Bryant alumnus David Olney '82 headshot superimposed over a building complex aerial shot
David Olney ’82: Learning from crisis
Oct 14, 2020, by Staff Writer

David Olney ’82 wakes up each day thankful to be in the business he’s in, especially since the onset of the COVID-19 pandemic that has taken a heavy toll on so many industries.

The CEO of Berkshire Residential Investments – a role he’s held since November 2019, says that a combination of market forces, thoughtful planning, and a solid business model has rendered his company one of the lucky ones.

“We are fortunate to be in the multifamily rental sector,” he says. “Single-family housing is expensive and there’s a shortage of inventory. People – particularly millennials – are staying in apartments longer.” That’s fortuitous for organizations like Berkshire that own and manage large, multi-family residential properties – well-appointed apartment complexes designed for the middle- and upper-middle-class renter.

“Embrace what’s happened and learn from it”

After earning a Finance degree at Bryant, and an MBA at Babson, Olney spent a few years as a part-time real estate entrepreneur while in a management development program with a defense contractor. Having enjoyed his experience owning rental properties directly, he joined Berkshire in 1986 as Assistant Controller, and worked his way up through the organization, where he now manages the multiple challenges of running an organization of more than 800 people through a global pandemic.

“First,” he emphasizes, “when the pandemic shut down offices, we focused on taking care of our people and letting them focus on themselves and their families.” And he says that as Berkshire shifted to become a more virtual team, they gleaned some valuable insights.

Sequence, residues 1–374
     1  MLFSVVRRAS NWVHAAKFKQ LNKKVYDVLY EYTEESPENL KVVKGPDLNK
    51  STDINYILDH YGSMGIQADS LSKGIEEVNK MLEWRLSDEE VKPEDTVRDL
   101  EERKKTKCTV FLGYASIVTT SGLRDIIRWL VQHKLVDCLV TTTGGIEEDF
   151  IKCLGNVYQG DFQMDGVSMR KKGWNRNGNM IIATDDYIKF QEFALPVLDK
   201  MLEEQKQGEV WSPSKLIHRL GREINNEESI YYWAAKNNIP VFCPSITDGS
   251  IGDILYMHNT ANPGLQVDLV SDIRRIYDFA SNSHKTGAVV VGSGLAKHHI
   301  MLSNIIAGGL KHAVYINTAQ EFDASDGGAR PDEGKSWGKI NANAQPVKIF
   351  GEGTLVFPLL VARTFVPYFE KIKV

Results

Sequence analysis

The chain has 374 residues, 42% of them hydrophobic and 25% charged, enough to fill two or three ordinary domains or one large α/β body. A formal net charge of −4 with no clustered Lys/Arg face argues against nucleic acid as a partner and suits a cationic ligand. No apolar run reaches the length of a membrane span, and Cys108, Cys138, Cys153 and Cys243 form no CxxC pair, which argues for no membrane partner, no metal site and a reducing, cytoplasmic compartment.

“One thing I’ve learned from this crisis is that sometimes it can be a good thing to ‘blow things up a bit’ – stop everything you were doing and re-evaluate.” He adds that the switch to virtual forced Berkshire to invent new ways of doing things. By embracing the new-found flexibility, they discovered new possibilities for collaboration, talent recruitment, customer service and client acquisition he says.

The situation revealed other opportunities as well, he adds. Thanks to Berkshire being well capitalized, the company has been able to seize on new investment opportunities that materialized in late March and allowed them to grow their footprint.

Olney has been a leader in organizing Bryant’s ever-popular President’s Golf Cup Tournament, a key fundraising event held each summer. Though the pandemic quashed those plans this year, he says the organizers are now busy planning an even bigger, better event for next year.

In the meantime, as Chair of the planning committee, Olney has generously agreed to match, dollar for dollar, all Bryant Giving Day gifts (October 28) to the President’s Scholarship Fund, up to $20,000.

“Embrace what’s happened and learn from it,” is his advice for enduring these unprecedented times, adding that smart businesses – and smart fundraising events – “can come out of this even better than we were pre-pandemic.”

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